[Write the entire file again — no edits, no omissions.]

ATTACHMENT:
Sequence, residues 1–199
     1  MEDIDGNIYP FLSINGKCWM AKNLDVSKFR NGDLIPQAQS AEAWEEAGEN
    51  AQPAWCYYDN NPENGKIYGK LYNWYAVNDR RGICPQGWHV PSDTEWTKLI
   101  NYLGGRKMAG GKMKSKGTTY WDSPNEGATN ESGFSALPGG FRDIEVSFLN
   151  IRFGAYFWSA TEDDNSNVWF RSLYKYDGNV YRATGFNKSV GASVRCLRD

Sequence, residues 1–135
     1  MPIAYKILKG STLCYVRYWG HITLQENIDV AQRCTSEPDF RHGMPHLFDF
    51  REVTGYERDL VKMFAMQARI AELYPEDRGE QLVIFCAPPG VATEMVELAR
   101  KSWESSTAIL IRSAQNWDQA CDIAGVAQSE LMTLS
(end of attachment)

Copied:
Sequence, residues 1–199
     1  MEDIDGNIYP FLSINGKCWM AKNLDVSKFR NGDLIPQAQS AEAWEEAGEN
    51  AQPAWCYYDN NPENGKIYGK LYNWYAVNDR RGICPQGWHV PSDTEWTKLI
   101  NYLGGRKMAG GKMKSKGTTY WDSPNEGATN ESGFSALPGG FRDIEVSFLN
   151  IRFGAYFWSA TEDDNSNVWF RSLYKYDGNV YRATGFNKSV GASVRCLRD

Sequence, residues 1–135
     1  MPIAYKILKG STLCYVRYWG HITLQENIDV AQRCTSEPDF RHGMPHLFDF
    51  REVTGYERDL VKMFAMQARI AELYPEDRGE QLVIFCAPPG VATEMVELAR
   101  KSWESSTAIL IRSAQNWDQA CDIAGVAQSE LMTLS